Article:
The health benefits of extra-virgin olive oil are legendary but there are wannabes and imposters posing as the real McCoy in supermarkets. The real deal is available at agritourism farm stays. Opt for one located in an olive-growing area where the owner makes the oil from hundred percent cold-pressed olives or try and smoke out small artisanal shops, or buy from reputed stores such as Eataly and Volpetti.

These are the new bolt holes for responsible travellers, who revel in the simplicity and authenticity of staying with a local family, relishing wholesome local cuisine and wines, and peeping into a world so unlike theirs. Accommodation can range from the simple to the luxurious but tends to be atmospheric with low, wood-beamed ceilings, stone archways and commands marvel­lous views. If you wish, you can even take part in the farming operations —picking, preparing and eating the produce—go horseback riding or take a cooking class or two. We mention below some of the idyllic regions where agritourism is an ideal option for the traveller looking for something different.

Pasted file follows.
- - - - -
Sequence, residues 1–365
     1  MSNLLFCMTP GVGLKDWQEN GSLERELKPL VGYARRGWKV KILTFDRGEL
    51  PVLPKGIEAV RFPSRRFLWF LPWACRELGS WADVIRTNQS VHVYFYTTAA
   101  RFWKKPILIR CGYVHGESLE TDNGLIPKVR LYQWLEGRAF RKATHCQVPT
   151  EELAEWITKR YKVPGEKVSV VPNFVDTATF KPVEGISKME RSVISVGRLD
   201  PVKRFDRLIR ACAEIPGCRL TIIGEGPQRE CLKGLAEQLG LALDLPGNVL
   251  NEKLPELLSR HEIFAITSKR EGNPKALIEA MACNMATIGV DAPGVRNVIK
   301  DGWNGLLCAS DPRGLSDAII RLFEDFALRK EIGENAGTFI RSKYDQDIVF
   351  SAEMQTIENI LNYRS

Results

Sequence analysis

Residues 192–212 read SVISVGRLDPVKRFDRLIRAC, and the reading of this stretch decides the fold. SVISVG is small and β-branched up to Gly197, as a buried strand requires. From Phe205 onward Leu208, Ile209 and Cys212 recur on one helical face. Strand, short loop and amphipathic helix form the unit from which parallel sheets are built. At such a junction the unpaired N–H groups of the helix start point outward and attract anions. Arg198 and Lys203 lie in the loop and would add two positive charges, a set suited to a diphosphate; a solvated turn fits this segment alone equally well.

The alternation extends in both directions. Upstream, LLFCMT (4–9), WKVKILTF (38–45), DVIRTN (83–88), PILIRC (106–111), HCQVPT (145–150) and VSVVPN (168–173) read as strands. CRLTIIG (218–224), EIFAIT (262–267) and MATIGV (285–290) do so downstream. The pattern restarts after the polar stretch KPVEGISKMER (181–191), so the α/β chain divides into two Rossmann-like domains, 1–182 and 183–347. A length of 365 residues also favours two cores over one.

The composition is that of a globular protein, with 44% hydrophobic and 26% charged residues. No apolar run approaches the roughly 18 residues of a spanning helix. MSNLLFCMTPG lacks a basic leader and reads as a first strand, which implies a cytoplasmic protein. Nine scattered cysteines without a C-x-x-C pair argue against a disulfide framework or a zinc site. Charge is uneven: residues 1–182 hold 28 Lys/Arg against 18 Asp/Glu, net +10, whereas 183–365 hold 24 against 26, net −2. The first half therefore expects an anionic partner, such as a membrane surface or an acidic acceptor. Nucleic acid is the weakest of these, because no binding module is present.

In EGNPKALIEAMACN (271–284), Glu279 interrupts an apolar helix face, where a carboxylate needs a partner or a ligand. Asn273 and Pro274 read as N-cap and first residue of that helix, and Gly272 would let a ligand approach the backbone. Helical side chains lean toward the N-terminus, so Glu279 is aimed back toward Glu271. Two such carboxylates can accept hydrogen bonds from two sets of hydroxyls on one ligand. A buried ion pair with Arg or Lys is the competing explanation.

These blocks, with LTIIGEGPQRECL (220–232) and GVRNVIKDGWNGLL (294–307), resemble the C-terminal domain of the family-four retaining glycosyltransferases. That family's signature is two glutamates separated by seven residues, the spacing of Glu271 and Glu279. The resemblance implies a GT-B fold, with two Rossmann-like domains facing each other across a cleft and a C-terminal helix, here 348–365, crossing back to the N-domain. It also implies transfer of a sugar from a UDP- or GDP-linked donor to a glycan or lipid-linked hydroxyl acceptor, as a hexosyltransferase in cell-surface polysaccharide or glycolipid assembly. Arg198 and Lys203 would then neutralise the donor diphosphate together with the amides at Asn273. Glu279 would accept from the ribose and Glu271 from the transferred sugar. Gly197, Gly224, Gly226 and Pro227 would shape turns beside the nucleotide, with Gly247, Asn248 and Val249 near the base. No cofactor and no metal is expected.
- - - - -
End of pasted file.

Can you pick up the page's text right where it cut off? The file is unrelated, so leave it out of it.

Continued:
Umbria

Umbria is the fecund fertile heart of Italy where agritourism is catching on. Beyond Assisi and Perugia, Umbria has a wild core with woodlands watered by streams and rivers, and a cuisine that incorporates seasonal produce like truffles, mushrooms and wild asparagus.

Emilia-Romagna

Emilia-Romagna with Bologna as its capital is another hot spot for farm stays in stone houses set amid rolling hills. This region is a magnet for culinary tourism and farm stays. Get inducted into the gastronomy of Emilia-Romagna; chop and stir with the owner-chef in his fragrant kitchen as he creates gastronomic marvels from his grandmother’s recipes.

Campania